Is it possible to provide domain access control to only one domain name in my account for someone else, but not provide access to any of my other domain names?
I spoke with a representative at GoDaddy on the phone regarding that question.
He sent me this information on how to do it.
“Yes. You basically invite someone else through an email to a specific area.”
He sent me the three links below.
Granting AccountExec Access to Domain Folders’ may be helpful to you. Here’s a link: Granting AccountExec Access to Domain Folders.
Adding Users as AccountExecs may be helpful to you. Here’s a link: Adding Users as AccountExecs.
Adding Domains to Domain Folders’ may be helpful to you. Here’s a link: Adding Domains to Domain Folders.
- The way to do it is, you create a “Domain Folder” in your GoDaddy.com account.
- You then move the specific domain name (actually, copy the domain name) to the “Domain Folder” you just created.
- Then, you give access to the “Domain Folder” via sending someone an email initiation to gain access to that domain name, that now is located in your GoDaddy.com account “Domain Folder.” You can assign selective administrative rights, such as: providing access to name servers, subdomains, and hosting, or full administrative, or no administrative rights.
- The person receiving the email invitation for Account Execs can either open a new account with GoDaddy, or use an already established account with GoDaddy for administrative access for this new domain name. The domain name would be in a special folder location on the GoDaddy.com Domain Manager, where the domain name would be accessible from.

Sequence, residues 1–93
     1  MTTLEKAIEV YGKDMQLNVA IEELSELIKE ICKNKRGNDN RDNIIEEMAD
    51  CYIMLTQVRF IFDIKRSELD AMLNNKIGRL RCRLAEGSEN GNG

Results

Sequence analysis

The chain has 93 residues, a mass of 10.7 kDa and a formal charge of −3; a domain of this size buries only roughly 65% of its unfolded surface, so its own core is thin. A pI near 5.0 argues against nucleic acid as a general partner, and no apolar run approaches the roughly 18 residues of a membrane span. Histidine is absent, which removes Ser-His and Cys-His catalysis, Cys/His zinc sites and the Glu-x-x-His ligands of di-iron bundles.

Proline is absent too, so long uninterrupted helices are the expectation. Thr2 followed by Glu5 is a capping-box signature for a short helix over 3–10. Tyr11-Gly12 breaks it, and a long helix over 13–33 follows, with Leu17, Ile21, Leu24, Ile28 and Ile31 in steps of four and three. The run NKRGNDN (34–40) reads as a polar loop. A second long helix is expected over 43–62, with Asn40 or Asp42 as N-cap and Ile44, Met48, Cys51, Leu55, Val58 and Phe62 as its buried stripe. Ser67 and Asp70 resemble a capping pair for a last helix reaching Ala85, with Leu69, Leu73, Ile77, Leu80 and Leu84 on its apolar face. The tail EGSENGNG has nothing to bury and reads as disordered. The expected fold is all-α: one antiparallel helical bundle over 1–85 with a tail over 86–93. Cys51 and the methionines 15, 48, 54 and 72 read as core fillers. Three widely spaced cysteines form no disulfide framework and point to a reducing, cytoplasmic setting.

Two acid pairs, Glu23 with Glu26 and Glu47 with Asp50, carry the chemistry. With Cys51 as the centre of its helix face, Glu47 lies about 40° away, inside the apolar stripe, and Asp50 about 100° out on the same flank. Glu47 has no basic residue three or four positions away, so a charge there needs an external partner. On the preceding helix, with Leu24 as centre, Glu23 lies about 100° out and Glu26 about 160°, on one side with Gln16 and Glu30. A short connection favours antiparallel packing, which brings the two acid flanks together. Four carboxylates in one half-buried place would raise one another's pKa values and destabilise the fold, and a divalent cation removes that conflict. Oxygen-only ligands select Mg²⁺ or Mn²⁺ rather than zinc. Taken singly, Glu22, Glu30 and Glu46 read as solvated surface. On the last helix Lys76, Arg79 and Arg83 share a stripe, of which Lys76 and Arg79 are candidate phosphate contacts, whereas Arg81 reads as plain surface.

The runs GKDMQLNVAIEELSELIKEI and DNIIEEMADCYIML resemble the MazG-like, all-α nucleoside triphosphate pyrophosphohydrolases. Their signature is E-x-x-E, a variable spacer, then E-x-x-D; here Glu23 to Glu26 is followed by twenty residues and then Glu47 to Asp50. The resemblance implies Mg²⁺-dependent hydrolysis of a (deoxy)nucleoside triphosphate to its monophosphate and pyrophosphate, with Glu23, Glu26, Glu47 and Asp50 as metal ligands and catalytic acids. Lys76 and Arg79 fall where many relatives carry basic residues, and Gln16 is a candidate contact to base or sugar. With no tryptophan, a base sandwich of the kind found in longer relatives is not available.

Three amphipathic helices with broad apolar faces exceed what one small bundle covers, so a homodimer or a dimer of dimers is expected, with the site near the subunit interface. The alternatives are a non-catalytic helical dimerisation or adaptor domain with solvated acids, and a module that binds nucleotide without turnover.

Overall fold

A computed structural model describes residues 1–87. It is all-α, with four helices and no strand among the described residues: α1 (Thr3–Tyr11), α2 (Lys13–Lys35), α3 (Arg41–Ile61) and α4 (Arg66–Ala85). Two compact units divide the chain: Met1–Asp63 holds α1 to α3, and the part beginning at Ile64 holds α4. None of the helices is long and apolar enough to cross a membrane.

I tried this feature out for a client that needed to provide access to one domain only, for a non profit group on one of his domain names, while retaining full domain name registration ownership and control of the domain name itself without providing access to any of his other domain names in his GoDaddy account.
This is the ideal setup for allowing webmasters to have access to a domain name at your personal GoDaddy account, while still protecting all your domain registration rights from others. However, I strongly suggest you have more than one person that has access to the domain names themselves. Heaven forbid, you never know when something might happen to one individual and if that one individual only has the password and account information for the domain name registration, it will be lost with them. This would be very bad news for a company that has their domain name protected so securely that no one else would be able to gain access for the domain registration, not even other company owners or insiders.